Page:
Portrait of Sandra Sandra L. Brown, MA

Sandra L. Brown, M.A., is CEO of The Institute for Relational Harm Reduction & Public Pathology Education. She holds a Masters degree in Counseling and is a program development specialist, lecturer and community educator on pathological love relationships and domestic violence, and is an award-winning author. Her books include the award winning Women Who Love Psychopaths: Inside the Relationships of Inevitable Harm with Psychopaths, Sociopaths & Narcissists as well as How to Spot a Dangerous Man Before You Get Involved, and Counseling Victims of Violence: A Handbook for Helping Professionals.

Sandra is recognized for her pioneering work on women’s issues related to relational harm with Cluster B/Axis II/Sociopathy/Pyschopathy disordered partners. She specializes in the development of Pathological Love Relationship training for professionals and survivor support services based on her books. Her books, CD’s, DVD’s, and other training materials have been used as curriculum in drug rehabs, women’s organizations and shelters, women’s jail and prison programs, school and college-based programs, inner city projects, and various psychology and sociology programs and distributed in almost every country of the world.

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Reality and Suffering


by Sandra L. Brown, MA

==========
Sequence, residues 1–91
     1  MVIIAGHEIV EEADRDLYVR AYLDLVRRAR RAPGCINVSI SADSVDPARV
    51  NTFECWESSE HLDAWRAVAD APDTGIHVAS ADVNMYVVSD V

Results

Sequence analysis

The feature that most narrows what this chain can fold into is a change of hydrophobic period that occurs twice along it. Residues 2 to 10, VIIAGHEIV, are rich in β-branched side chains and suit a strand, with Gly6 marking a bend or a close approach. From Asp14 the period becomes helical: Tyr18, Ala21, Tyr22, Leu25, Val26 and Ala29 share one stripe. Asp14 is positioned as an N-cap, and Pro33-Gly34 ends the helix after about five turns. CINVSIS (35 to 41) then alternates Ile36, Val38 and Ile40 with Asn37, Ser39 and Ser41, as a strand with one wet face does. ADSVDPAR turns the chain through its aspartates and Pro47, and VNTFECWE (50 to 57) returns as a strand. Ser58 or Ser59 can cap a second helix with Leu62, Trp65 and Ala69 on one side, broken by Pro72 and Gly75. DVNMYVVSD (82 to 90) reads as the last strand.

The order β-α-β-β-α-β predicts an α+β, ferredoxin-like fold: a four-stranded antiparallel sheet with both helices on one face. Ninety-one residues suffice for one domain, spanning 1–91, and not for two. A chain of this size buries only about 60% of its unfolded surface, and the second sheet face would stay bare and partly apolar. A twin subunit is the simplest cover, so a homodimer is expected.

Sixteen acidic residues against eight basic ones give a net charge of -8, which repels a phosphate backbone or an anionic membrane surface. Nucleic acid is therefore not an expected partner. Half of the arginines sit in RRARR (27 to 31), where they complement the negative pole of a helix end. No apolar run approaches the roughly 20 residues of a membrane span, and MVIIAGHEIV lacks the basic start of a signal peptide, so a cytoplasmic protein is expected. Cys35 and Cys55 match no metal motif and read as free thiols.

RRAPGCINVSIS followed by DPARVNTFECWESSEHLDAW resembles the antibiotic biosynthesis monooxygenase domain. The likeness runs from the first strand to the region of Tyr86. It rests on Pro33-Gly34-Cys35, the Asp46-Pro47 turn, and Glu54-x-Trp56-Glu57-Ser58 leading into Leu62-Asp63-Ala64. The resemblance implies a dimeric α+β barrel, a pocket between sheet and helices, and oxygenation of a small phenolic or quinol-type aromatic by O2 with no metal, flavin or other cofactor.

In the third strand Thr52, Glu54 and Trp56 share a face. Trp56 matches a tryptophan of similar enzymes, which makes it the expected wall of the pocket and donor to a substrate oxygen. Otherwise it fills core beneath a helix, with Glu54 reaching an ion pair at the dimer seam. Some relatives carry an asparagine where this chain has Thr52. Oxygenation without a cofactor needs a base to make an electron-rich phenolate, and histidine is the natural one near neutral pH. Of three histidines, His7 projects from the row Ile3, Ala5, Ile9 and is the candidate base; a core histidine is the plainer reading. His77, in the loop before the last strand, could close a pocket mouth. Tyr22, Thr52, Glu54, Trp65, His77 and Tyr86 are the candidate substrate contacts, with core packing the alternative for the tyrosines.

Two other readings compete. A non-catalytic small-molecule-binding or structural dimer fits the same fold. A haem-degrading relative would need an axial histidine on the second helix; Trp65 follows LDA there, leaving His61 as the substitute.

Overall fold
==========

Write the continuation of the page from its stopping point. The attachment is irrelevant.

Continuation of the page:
Posted Tuesday, April 15, 2014 at 1:00 pm

Much of your intrusive thoughts, your obsession with him/relationship, your cognitive conflict known as dissonance, and many other symptoms as well are stemming from one major issue:

The inability to accept what he is, how he is, and what this means about your relationship.

This level of resistance isn’t always conscious. Some of it may seep out and drift up into your awareness where you notice yourself fluctuating between “He is pathological, I don’t want him to be pathological, he isn’t pathological.”

This cognitive conflict between your three different beliefs about whether he is pathological takes the form of:
•    How you think you SHOULD feel about him/this situation, and
•    How you react/behave with this situation.

Each one of these beliefs:
•    He is Pathological
•    I don’t want him to be Pathological
•    He isn’t Pathological